Don’t let facts get in the way of a good story

In today’s Wall Street Journal, Roger Pielke Jr. writes about his Unhappy Life as a Climate Heretic.

This is another exhibit of the sorry state of discordant discussion and beliefs — especially among political matters — in today’s society and why many of us little people are skeptical of anything the experts say.

They act like big babies when someone disagrees with them or brings up facts that get in the way of their good story.

Pielke “believes climate change is real,” but his research led him to a politically unpopular conclusion that there is “scant evidence to indicate that hurricanes, floods, tornadoes or drought have become more frequent or intense in the U.S. or globally.”

In the article, he chronicles the witch hunt against him from everyone from his editors at the popular news analysis site, a Congressman, reporters and even the White House.

He ends with:

But the lesson is that a lone academic is no match for billionaires, well-funded advocacy groups, the media, Congress and the White House. If academics—in any subject—are to play a meaningful role in public debate, the country will have to do a better job supporting good-faith researchers, even when their results are unwelcome. This goes for Republicans and Democrats alike, and to the administration of President-elect Trump.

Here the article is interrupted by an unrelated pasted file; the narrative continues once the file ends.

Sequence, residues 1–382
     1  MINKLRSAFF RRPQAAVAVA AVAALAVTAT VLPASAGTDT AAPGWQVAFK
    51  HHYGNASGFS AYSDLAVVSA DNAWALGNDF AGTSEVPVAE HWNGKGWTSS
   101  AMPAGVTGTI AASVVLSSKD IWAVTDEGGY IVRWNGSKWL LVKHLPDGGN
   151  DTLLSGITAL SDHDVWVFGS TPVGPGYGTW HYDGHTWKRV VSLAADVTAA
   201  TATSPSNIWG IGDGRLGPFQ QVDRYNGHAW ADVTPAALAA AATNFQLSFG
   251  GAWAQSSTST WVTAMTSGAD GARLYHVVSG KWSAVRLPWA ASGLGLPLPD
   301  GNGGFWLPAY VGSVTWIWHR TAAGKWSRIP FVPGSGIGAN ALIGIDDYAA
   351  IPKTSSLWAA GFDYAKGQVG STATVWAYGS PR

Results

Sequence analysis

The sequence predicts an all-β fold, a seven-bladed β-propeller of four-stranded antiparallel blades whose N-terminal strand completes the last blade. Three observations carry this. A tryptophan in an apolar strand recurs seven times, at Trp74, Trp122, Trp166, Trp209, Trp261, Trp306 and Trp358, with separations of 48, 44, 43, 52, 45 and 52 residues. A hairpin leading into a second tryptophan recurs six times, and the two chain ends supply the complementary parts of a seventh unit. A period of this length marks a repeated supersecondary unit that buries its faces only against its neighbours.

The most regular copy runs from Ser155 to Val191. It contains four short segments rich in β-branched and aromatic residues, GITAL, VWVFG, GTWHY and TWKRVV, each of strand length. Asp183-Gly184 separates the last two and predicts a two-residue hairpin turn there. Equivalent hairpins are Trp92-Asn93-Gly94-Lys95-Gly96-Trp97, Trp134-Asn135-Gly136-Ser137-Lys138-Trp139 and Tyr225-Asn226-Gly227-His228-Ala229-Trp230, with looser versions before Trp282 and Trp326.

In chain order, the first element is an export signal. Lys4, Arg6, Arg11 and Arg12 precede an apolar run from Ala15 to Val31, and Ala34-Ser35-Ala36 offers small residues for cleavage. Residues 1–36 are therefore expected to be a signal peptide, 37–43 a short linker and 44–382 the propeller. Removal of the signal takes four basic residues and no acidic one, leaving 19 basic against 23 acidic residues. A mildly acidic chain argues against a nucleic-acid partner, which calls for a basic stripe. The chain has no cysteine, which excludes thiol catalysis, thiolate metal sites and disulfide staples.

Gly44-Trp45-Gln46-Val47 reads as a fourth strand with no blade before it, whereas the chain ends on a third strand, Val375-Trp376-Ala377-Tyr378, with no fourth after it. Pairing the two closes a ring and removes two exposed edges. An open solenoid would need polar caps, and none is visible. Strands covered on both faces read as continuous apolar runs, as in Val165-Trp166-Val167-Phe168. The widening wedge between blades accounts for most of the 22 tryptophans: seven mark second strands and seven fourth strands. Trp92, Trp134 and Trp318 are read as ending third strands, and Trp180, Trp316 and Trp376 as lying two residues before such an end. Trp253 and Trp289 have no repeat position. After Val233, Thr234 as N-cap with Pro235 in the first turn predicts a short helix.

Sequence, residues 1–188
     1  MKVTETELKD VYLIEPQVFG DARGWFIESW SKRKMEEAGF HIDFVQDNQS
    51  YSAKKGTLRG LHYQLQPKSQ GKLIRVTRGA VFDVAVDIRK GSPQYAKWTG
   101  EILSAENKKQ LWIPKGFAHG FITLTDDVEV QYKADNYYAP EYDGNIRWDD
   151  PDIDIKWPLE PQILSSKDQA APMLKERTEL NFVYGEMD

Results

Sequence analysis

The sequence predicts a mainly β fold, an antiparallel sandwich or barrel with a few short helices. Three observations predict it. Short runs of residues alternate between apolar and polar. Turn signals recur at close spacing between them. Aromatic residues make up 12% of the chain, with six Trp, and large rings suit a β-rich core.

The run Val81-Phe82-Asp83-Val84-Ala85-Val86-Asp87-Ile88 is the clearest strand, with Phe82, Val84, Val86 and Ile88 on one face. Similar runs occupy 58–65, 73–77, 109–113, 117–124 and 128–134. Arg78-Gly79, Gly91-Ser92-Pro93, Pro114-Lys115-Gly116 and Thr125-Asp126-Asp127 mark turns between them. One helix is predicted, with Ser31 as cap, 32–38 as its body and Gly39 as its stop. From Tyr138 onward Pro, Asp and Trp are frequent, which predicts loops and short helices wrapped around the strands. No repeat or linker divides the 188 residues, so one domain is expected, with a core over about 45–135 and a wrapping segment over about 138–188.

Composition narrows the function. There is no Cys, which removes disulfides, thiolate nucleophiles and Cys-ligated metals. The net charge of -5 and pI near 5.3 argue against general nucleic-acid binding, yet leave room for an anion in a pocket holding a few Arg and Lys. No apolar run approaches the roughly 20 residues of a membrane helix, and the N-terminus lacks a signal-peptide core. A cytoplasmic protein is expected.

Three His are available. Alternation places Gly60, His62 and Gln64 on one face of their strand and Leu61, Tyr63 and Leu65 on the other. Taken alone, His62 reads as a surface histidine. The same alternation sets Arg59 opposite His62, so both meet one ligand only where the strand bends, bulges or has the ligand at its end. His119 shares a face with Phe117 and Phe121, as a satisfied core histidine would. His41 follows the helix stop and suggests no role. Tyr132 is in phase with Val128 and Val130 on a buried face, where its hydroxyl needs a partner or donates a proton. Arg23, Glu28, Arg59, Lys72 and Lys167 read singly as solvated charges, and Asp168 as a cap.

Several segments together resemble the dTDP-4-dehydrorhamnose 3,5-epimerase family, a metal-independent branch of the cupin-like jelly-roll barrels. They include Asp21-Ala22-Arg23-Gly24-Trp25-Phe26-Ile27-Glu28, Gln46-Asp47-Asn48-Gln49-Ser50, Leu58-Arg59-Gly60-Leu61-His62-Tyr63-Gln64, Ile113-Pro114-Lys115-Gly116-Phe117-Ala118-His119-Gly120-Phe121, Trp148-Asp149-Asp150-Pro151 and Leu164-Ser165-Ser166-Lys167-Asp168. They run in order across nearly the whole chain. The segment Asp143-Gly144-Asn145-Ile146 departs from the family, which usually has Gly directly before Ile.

Academics and the media in particular should support viewpoint diversity instead of serving as the handmaidens of political expediency by trying to exclude voices or damage reputations and careers. If academics and the media won’t support open debate, who will?

Here’s a guy that agrees with the general narrative — that climate change is real — but just doesn’t think there’s evidence to support a minor point of the narrative, that it’s causing more extreme weather.

So they paint him in broad strokes to discredit him. As Tomi Lahren pointed out on The Daily Show, isn’t that how hate groups behave?

I find it interesting that one of my go-to sites for a list of logical fallacies is a hosted on The Nizkor Project website, which is dedicated to Holocaust education and ensuring history doesn’t repeat itself.

I’m assuming the list of fallacies was included because fallacies are commonly employed by hate groups to further their cause.


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